Drink in the fabulous views at Kennack Heights

The contemporary penthouse apartment of Kennack Heights is one of the best around for spectacular views of the ocean. Sleeping four, its glass-fronted balcony and floor-to-ceiling windows have far-reaching views over Kennack Sands, which is also within walking distance of the apartment. The South West Coast Path is within easy reach for fabulous clifftop walks and there’s a surf school nearby for those who want to ride the Cornish waves.

Nanplough Country House Cornwall
Contemporary meets traditional at Nanplough Country House

If you are heading to the Lizard with a group of family or friends, you might want to look at Nanplough Country House just 2 miles north of Mullion Cove. This spectacular country house is set in 23 acres of land and has use of a shared outside pool for a splash about when the sun is out. Children will love a stay at this family-friendly property with its outdoor play area and opportunity to meet the farm’s resident livestock.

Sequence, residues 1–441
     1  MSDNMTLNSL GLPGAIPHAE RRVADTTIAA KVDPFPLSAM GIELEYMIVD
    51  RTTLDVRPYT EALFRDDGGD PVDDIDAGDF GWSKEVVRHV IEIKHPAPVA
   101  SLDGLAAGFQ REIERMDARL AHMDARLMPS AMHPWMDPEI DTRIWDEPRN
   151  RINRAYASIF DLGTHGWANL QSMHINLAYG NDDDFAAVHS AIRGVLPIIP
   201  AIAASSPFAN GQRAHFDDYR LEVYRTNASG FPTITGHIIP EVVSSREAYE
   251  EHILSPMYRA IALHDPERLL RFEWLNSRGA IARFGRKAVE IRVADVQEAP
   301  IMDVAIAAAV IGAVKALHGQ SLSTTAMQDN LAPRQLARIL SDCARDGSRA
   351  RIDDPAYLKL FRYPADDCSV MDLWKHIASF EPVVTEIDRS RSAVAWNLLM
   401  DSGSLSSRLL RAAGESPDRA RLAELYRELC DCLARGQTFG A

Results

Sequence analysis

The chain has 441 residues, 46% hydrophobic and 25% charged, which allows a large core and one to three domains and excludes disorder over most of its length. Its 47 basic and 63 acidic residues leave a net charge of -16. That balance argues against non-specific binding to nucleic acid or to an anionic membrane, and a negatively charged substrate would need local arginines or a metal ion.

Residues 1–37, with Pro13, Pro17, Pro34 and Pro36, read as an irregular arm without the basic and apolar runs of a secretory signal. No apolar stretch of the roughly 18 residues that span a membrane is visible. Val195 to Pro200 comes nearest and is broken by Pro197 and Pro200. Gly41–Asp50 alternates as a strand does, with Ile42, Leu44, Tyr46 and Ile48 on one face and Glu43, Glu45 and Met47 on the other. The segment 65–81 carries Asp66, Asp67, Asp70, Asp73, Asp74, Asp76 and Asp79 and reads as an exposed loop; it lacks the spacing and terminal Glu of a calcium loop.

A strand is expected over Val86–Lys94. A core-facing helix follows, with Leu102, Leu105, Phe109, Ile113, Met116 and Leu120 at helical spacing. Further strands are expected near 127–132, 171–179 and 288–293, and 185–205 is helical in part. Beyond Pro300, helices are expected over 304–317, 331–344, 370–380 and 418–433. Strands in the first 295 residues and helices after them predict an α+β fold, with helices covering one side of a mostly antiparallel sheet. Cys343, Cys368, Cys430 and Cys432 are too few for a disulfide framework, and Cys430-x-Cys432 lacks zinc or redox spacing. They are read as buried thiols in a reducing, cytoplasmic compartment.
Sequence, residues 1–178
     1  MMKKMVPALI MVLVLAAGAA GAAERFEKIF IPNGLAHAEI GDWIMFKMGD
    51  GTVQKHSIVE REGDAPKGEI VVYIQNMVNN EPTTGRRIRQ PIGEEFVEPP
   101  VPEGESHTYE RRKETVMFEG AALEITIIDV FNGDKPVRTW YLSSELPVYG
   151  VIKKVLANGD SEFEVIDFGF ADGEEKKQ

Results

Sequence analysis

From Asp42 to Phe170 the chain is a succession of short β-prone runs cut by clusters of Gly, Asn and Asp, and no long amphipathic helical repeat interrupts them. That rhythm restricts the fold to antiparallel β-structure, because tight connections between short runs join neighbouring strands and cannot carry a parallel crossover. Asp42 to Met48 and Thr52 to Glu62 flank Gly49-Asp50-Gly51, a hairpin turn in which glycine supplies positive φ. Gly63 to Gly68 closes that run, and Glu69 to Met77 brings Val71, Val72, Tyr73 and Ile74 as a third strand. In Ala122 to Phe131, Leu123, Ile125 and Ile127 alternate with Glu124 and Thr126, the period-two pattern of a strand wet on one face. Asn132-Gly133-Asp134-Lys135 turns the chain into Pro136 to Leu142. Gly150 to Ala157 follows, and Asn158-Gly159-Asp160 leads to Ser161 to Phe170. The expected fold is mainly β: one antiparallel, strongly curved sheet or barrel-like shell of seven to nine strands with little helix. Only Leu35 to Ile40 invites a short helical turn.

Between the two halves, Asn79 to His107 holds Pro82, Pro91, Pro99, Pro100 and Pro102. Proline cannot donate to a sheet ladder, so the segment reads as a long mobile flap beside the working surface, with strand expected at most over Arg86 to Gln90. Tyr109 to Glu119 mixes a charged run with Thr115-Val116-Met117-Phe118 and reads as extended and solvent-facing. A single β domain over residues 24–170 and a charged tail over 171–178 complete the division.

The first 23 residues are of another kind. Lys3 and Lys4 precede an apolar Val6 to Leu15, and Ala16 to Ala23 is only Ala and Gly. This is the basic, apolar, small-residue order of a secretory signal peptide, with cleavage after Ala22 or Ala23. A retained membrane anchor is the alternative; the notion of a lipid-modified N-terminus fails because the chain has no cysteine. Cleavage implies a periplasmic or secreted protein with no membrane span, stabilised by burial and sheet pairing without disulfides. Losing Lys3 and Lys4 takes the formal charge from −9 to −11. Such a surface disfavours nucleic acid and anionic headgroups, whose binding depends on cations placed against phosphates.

We have a great selection of properties all over Cornwall, from romantic boltholes for two for long weekend escapes to larger family properties where you can take the whole gang away. You don’t need to leave Fido behind either as many of our cottages are dog-friendly and welcome two legs as well as four! Have a look for a pet-friendly property.

Discover more of Cornwall:

Guide to Cornwall

Disclaimer: Whilst every effort has been made to ensure the accuracy of the information at the time of writing, please ensure you check carefully before making any decisions based on the contents within this article.